With the U.S. presidential elections a mere few weeks away, the security industry is hyper-aware of security vulnerabilities in election infrastructure, cyberattacks against campaign staffers and ongoing disinformation campaigns.
Past direct hacking efforts, such as the attack on the Democratic National Committee in 2016, have left many nervous that this time around, the actual election results could be compromised in some way. This year, worries about the integrity of voting machines have popped up too, coupled with the expected expansion of mail-in voting due to COVID-19.
Perhaps most concerning, according to Matt Olney, director of Talos’ Threat Intelligence and Interdiction at Cisco, is cybercriminals “going after the minds of the American people and their trust in the democratic institutions that we use to select our leaders.”
The good news, Olney, said in a recent video interview with Threatpost, is that awareness of election-security threats has increased since the 2016 elections. That’s been both on the part of the federal government, as well as by U.S. citizens themselves, who have gotten better at calling out content that may be associated with disinformation campaigns.
Below find a lightly edited transcript of this interview.
Lindsey O’Donnell-Welch: Hey, everyone, this is Lindsey O’Donnell-Welch with Threatpost. And I am joined today by Matt Olney, the director of Talos’ threat intelligence and interdiction at Cisco. So Matt has been working with election officials firsthand, to make sure that they are prepared for the November presidential election. And he’s also spent the past four years studying election security, and misinformation, and all these different security threats that we’re seeing related to the elections. So Matt, thank you so much for joining us today.
Matt Olney: Happy to be here. Thank you.
LO: Now, the elections are right around the corner. And we’re seeing a ton of news about the debates and the political part of it. But a big undercurrent that we’re seeing with this upcoming election is security and disinformation campaigns. So first of all, let’s set the context here for this upcoming election, in comparison to previous elections – what are the similarities that we’re seeing and the differences we’re seeing, going into November 2020, as opposed to 2016?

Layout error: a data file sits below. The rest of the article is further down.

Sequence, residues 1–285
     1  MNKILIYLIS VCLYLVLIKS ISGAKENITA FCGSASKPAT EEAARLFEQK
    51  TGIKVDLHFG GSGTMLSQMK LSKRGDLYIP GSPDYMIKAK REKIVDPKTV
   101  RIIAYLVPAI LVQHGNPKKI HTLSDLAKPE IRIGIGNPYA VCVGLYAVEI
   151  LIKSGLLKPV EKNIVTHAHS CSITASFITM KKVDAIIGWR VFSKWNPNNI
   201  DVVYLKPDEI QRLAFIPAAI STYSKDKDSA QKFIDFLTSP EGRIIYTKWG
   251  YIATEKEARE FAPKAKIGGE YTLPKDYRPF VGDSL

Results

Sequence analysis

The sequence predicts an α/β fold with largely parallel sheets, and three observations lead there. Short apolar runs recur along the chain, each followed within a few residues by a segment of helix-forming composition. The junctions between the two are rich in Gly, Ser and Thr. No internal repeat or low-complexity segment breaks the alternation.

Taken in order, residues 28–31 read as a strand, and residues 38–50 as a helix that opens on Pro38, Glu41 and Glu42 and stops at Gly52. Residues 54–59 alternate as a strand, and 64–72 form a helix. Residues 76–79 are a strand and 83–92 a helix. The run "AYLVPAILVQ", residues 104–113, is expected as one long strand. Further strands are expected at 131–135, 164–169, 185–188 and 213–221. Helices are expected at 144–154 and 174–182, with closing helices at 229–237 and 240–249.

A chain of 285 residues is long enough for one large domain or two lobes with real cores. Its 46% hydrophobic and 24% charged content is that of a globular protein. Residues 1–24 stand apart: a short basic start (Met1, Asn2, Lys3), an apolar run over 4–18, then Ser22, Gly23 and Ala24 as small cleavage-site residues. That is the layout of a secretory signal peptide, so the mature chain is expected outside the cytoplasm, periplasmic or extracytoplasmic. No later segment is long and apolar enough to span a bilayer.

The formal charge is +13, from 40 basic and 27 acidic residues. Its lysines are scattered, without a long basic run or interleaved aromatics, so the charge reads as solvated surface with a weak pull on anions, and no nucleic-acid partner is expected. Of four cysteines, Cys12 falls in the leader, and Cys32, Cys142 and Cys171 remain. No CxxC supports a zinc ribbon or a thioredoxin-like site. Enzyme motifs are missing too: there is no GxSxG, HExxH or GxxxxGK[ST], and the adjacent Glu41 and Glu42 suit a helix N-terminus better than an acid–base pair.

MO: I think we’re seeing far less active exploitation in 2020 than we saw in 2016. There’s a general agreement between the intelligence community and the security industry that there is not a lot of evidence of what we would traditionally think of “hacking” into election systems, election infrastructure, and what activity that we have seen is generally coinciding with activity you would see anywhere on the internet. So we think it’s just attempts that you would have just by virtue of being part of the internet, as opposed to being election specific.
What we do continue to see, as we saw in 2016, is a lot of disinformation, a lot of misinformation, both foreign and domestically sourced. And that is what does look like 2016.
LO: Mm hmm. Right. I feel like also, we’re seeing kind of the, the cyber criminal piece of all this, but I do think, you know, on a positive note that there is a lot more awareness, I feel like, personally from a news side, I’ve seen a lot more crackdown from Facebook and Twitter, and on different disinformation campaigns. And they’re being a lot more vocal about the fact that their platforms are being leveraged in this way. So I mean, I think that is kind of a good step forward. But on the other hand, as you mentioned, I mean, cybercriminals are also recognizing that this new awareness from social media platforms is happening, and they’re consequently kind of switching up their own tactics. Have you seen new techniques and new methods being utilized from the cybercriminal front?